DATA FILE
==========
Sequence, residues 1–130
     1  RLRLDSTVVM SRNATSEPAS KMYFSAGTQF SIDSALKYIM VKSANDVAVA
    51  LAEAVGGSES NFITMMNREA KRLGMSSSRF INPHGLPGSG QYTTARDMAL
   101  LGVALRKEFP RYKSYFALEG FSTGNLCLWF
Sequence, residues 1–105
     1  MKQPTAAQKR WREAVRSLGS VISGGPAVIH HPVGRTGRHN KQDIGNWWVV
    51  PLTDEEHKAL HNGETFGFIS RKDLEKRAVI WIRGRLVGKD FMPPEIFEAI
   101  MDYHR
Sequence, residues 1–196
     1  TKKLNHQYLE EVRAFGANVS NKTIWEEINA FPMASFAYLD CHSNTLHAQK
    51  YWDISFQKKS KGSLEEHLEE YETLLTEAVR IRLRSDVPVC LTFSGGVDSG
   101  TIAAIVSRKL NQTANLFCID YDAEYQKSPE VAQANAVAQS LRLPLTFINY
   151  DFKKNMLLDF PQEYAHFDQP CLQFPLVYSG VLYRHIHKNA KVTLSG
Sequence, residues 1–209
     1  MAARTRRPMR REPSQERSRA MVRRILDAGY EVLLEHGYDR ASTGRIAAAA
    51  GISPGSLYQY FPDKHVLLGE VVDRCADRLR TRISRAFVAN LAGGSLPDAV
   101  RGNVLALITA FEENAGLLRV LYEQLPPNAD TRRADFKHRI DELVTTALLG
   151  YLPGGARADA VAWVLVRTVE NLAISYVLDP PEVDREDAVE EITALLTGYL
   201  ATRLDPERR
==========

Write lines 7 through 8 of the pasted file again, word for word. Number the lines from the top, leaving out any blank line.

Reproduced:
    51  PLTDEEHKAL HNGETFGFIS RKDLEKRAVI WIRGRLVGKD FMPPEIFEAI
   101  MDYHR